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Found 2 results

  1. When Tom Herman first arrived at Texas, he reiterated time and time again that his team would be the most physical and disciplined on the field. That was not the case today. After a promising start to the game with a Holton Hill pick six on Maryland's first pass attempt, the Longhorns fell apart - in every aspect. Although Texas tried to mount a comeback during several crucial moments of the game, Maryland always struck back. Although the results speak for themselves, it's necessary to dive in deeper to this game and what exactly happened. Offense The offense was decent at times, and at other times bewildering. First of all, Texas has absolutely no rushing attack. The offensive line got out-physicaled by Maryland's front four practically the entire game, which did not help Kyle Porter and Chris Warren III. That being said, I am still baffled as to why Porter is playing over Warren. Don't get me wrong - Porter is a talented running back. But he's not Chris Warren. Sometimes, backs have to create holes for themselves and use their vision to gain positive yardage. For Porter, that trait is not developed. Instead, Porter hesitates when hitting the holes, and is not big or strong enough to shake off tacklers in open space. Yes, he's shifty, but that only matters if he can get to the second level. The coaching staff raved about Porter the entire offseason, and I now wonder if that's because the Texas run defense is so bad that they misguided Stan Drayton. The blame, however, does not solely fall on the running backs. The Texas offensive line, said to be one of the strongest units on the team (aside from RT) were dominated the entire game. Even All-American LT Connor Williams struggled towards the end of regulation, in which he accumulated two costly holding penalties. The RB's seldom had holes to run through, and Shane Buechele was under pressure inside the pocket all day long. A big reason for that was a lack of an abled body at the TE position. Converted WR-to-TE Garrett Gray got the start for Texas today, and his inexperience showed. Gray may have soft hands, but his blocking ability is subpar at best. The loss of Andrew Beck and the only real TE on the team hurts in a major way. Considering the circumstances, Buechele and his receivers had a decent day overall. The main disappointment on offense was offensive coordinator Tim Beck's play calling. More often than not, Beck made highly questionable calls that did not place his unit in the best position to succeed. In short yardage situations, Beck often made repetitive and predictable play calls. The Longhorns went for it on 4th down three times today, and failed to convert once. In one situation later in the game, Beck elected to go for a 4th down conversion at midfield instead of letting All-American Michael Dickson pin freshman QB Kaism Hill deep. As a result, the Longhorns turned the ball over on downs and Maryland scored seven plays later. Although there were some bright spots, Tim Beck did not help his team today. Scoring only 21 points on offense is not enough to win in the Big 12. Tim Beck and his offense have a lot of work to do. Defense The Texas defense gave Texas fans horrifying flashbacks of the 2016 season. The Terrapins rushed for 263 yards on offense, frequently attacking Texas right up the gut for big gains. Where Todd Orlando is well-known for his extravagant schemes and the toughness of his players, that was clearly lacking today. More often than not, Orlando brought too much pressure or not enough pressure at the wrong times. For example, DeShon Elliot was brought up to the box in a running situation, but had nobody behind him to provide assistance. Once the Maryland rusher got to the second level, it was off to the races. Speaking of miscues, the Texas secondary did not look like the talented bunch that has been praised all offseason. The only defender that lived up to the standard was Holton Hill. Kris Boyd was beat in coverage all day. Brandon Jones looked lost and had no idea how to get off blocks. PJ Locke was nonexistent the entire game. This is not the physical defense that Orlando has a reputation of building. Granted, it's only the first game - but not a promising sign regardless. I lost count of how many poor angles defenders took as well as the poor effort at getting off blocks. The most concerning aspect of the defense's performance has to be the run game. Once a rusher got to the second level, it was a foot race. It seems like Orlando's LB's are not hitting the proper gaps, or maybe his DL is not getting enough penetration up front. Whatever it is, this unit clearly lacks the physicality and discipline that is needed to succeed. If the Texas defense cannot hold the Terrapins to under 51 points, how will they fare in the Big 12? If they don't improve dramatically, not great. The first step is stopping the run. Special Teams Surprisingly, this unit had the best performance of the day despite several miscues. First, it began with a missed 42-yard FG from Joshua Rowland. Then, on Rowland's next attempt, the kick was blocked and returned for a touchdown. Not an ideal start on special teams for Tom Herman. Then, the tides began to turn. On a Maryland FG attempt, senior DT Poona Ford got a hand up and blocked the attempt, which resulted in a 65-yard touchdown return from none other than Holton Hill. Shortly after in the second half, Reggie Hemphill returned a punt for 91-yards and the score, thanks to a miraculous block by Malik Jefferson. While special teams did not score a single touchdown for Texas last season, this unit scored twice for Texas today and in large part kept the Longhorns in the game. Although there were several miscues that led to points, they can be fixed. I have faith that Tom Herman can sort this unit out, but that appears to be the least of his worries at the moment. Overall, the Longhorns just did not appear prepared today. That just goes to show you that preseason hype is worthless if the results do not match on the gridiron. College football opening weekend can be a spectacular or heartbreaking thing. For Texas fans, this instance was unfortunately the latter. That does not mean that the Longhorn faithful should abandon ship. As the Texas coaching staff emphasizes time and time again, take it one game at a time. One loss does not mean the season is over. Texas fans are tired of a decade of mediocrity, and want the results immediately. At some point, they will come. But right now Tom Herman has many issues to address. Until they can be fixed, Texas fans will just have to do what they've done for the past decade - remain faithful and keep going. It's the only thing any football fan can do.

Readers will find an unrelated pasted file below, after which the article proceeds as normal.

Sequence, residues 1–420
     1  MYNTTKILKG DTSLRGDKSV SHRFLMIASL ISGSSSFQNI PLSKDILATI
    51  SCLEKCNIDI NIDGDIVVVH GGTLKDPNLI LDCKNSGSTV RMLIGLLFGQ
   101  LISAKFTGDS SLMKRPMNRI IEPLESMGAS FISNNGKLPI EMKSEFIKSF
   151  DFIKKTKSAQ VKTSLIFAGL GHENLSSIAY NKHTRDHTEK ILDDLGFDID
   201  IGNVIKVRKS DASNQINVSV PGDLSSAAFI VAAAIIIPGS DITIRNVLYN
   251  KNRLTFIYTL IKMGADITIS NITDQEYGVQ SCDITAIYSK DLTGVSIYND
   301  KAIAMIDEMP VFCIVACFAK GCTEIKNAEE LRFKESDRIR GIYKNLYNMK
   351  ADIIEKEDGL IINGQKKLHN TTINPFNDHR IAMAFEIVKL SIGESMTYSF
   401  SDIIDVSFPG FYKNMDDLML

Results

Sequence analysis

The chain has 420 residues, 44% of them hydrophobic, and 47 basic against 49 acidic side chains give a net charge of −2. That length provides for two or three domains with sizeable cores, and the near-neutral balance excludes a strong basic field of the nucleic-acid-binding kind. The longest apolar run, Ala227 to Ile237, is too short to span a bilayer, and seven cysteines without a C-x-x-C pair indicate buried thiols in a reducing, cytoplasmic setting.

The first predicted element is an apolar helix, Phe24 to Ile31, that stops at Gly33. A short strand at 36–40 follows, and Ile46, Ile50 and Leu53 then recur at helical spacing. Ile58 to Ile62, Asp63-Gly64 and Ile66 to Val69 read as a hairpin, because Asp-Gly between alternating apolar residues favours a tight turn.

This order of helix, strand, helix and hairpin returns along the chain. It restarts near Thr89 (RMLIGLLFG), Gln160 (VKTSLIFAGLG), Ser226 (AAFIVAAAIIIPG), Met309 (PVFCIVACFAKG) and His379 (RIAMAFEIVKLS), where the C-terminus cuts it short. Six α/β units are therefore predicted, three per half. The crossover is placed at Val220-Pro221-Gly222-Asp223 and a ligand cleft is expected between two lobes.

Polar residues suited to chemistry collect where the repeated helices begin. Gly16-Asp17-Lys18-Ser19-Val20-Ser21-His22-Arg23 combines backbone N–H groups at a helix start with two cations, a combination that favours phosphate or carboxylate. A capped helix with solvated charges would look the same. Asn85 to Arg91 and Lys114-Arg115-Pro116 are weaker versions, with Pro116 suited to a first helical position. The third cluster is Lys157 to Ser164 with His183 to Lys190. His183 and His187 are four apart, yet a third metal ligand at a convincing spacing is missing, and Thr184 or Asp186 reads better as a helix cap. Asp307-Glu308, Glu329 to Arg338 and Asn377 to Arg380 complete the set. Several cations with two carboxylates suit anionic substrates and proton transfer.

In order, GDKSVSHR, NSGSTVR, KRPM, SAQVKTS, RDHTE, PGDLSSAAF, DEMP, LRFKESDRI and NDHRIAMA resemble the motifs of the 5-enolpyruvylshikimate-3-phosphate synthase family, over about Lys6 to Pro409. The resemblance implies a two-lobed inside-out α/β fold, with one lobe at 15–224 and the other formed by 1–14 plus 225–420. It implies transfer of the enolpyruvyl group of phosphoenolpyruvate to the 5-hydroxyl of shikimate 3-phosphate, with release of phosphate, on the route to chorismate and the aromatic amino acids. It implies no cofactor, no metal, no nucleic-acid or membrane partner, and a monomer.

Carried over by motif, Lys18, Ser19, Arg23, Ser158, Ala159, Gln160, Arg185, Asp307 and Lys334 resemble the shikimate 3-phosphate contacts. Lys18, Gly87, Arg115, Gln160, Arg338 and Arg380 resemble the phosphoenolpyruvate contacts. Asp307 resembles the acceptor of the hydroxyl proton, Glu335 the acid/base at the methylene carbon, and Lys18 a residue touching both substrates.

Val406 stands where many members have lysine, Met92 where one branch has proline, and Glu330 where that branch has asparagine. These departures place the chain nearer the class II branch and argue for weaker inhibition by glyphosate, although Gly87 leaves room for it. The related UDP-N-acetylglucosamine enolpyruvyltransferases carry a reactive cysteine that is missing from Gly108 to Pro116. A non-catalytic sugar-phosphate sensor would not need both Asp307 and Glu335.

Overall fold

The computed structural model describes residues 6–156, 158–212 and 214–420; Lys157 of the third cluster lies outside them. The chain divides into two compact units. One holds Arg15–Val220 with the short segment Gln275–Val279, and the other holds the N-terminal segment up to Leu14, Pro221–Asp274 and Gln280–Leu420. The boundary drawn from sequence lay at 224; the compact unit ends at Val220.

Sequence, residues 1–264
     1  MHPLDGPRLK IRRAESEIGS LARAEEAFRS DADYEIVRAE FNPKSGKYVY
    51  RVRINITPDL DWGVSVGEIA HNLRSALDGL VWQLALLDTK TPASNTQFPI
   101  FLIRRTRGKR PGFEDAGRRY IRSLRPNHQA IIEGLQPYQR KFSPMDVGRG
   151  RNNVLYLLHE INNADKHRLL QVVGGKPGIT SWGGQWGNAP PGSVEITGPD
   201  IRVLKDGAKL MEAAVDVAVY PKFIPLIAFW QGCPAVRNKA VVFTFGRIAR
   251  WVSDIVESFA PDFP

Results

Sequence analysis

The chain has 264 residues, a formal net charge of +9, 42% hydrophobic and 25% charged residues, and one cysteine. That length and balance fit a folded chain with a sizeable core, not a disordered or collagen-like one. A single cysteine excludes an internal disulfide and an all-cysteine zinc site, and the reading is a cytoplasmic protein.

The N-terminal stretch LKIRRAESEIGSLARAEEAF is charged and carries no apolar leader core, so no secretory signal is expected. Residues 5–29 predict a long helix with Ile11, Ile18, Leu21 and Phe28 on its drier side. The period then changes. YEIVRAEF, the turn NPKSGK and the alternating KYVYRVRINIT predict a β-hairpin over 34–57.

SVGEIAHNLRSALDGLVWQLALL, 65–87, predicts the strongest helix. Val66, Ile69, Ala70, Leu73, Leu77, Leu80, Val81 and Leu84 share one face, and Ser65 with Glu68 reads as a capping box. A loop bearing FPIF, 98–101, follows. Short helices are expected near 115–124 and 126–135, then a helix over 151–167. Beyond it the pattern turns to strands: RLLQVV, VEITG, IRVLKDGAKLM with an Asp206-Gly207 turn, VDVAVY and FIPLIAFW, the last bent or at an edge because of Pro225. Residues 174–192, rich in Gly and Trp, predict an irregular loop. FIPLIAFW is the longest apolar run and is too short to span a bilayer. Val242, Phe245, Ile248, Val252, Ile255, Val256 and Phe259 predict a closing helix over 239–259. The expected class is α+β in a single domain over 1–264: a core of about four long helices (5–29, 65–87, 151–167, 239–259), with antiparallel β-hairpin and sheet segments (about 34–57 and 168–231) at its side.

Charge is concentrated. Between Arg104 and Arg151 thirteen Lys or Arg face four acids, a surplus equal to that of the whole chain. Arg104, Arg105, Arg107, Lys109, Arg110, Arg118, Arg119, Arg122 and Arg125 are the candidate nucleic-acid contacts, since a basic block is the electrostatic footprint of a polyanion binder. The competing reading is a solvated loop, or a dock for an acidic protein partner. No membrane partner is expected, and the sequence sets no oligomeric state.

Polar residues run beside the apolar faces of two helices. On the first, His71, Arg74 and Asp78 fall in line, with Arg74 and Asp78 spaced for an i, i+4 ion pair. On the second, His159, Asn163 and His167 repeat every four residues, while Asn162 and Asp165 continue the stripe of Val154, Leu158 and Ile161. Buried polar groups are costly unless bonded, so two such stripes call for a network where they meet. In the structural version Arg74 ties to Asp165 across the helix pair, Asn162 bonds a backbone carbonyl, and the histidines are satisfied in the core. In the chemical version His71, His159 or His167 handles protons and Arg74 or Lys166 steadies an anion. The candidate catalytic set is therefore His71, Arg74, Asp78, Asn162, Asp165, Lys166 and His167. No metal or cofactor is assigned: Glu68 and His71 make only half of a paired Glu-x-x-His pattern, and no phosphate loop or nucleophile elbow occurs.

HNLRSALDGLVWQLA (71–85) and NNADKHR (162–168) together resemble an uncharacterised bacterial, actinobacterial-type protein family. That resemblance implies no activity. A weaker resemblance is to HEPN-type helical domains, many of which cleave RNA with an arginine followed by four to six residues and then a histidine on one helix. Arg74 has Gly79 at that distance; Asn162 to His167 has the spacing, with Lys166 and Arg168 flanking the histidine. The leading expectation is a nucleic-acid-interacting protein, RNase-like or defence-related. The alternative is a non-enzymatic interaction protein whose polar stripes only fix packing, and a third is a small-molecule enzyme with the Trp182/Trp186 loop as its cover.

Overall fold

2. The Terrapins beat the Longhorns 51-41 on Saturday at Darrell K. Royal – Texas Memorial Stadium to open the Tom Herman era on the 40 Acres. Let’s take a look at how the Texas defense and special teams graded in the loss to Maryland. Defensive Line Early on, it looked like the Texas defense was going to have its way with the Terrapins. The defensive line played well on the first drive of the game, but after that everything went downhill. Poona Ford played well, taking on double teams and opening up lanes for the linebackers to come down and make plays, but the linebackers failed to make those plays. Charles Omenihu flashed at times, notching Texas’ only sack. Ta’quon Graham played about as well as you could have expected for a freshman. One major disappointment was the non-impact by Malcolm Roach. The sophomore finished with only 1 tackle and was not a disruptive presence in the backfield. Texas only got the quarterback once all game, which is disappointing when facing a team that led the Big 10 in sacks allowed a season ago. Most fans will look at the stats and see 276 yards rushing and think that the defensive line had a rough day, but I would personally place much of that blame on the linebackers. Grade: C Linebackers Following Ty Johnson’s 40-yard touchdown run in the 3rd quarter, I closely watched a replay that showed both Anthony Wheeler and Malik Jefferson filling the wrong gaps, allowing Johnson to run untouched into the end zone. The assignment football that the linebackers struggled with in 2016 seems to remain. On obvious passing downs, Texas chose to bring in a package that included Breckyn Hager and Jeff McCulloch. Unfortunately, that package was not used as often as Todd Orlando would have liked, mainly due to the inability to stop the run on 1st and 2nd down. Gary Johnson played on special teams but did not see any action on defense, despite being considered one of the best tacklers and run defenders on the team. Whether it’s from bad coaching the past 3 seasons or simply the inability to know an assignment, Todd Orlando has to find linebackers that give this defense at least a fighting chance in defending the run. Grade: D- Defensive Backs Tyrrell Pigrome was known as a run-first QB who had issues throwing the ball. Those issues never arose against Texas. Aside from a first quarter interception returned for a touchdown by Holton Hill, Texas was beat through the air all day. Kris Boyd got beat on numerous occasions and Holton Hill was not much better. After an injury to Pigrome, backup QB Kasim Hill converted a 3rd and 19 pass that squashed the hopes of any comeback by the Longhorns. Brandon Jones and DeShon Elliott are both going to be elite safeties, but the duo still struggles with pursuit angles and helping in the run game. Elliott seemed to play out of control at times, and whiffed on several open field tackles. Jones still needs proper coaching on how to help out in run support and properly shed off blocks. Overall, it seemed like the communication issues that plagued the Texas defensive backs much of last year were fixed, but the players simply failed to execute. Tyrrell Pigrome and Kasim Hill combined to complete 80% of their passes. If Texas plans on winning big time football games this year, they have to figure out their coverage issues before they face the likes of Baker Mayfield, Mason Rudolph, Will Grier and Sam Darnold. Grade: D+ Special Teams This was maybe the most wild special teams game I have seen in awhile. Maryland and Texas both returned blocked field goals for touchdowns, and Texas also added a punt return for a touchdown. Poona Ford blocked a kick midway through the 2nd quarter that fell right into the hands of Holton Hill, who returned it to the house. New kicker Josh Rowland did not look good in his first live game action. His kicks were low and did not have much power behind them. Rowland missed his first kick wide left before having his next kicked blocked and returned for a touchdown. The reality is, Texas does not have many options in the kicking department. Walk-on Chris Naggar has no live game experience and senior Mitchell Becker has only attempted 2 field goals in his career, both from under 25 yards. Michael Dickson looked like his normal self. The junior punted twice for 118 yards and flipped the field when he was asked to do so. In the return game, Texas lined up Devin Duvernay and Brandon Jones on kickoff returns. Both have the speed to be deadly in the return game, but blocking continues to an issue. Reggie Hemphill-Mapps served as the primary punt returner, and it looked like Texas has found its answer at that position. Hemphill-Mapps returned a punt 91 yards for a touchdown in the 3rd quarter to help get Texas back in the game. Credit Tom Herman for staying true to his word and playing starters on special teams. Malik Jefferson had a huge block that sprung Hemphill-Mapps on his return for a touchdown. It’s hard to not give a passing grade to a unit that had 2 touchdowns, but the field goal kicking and blocking on kick returns are worrisome. Grade: C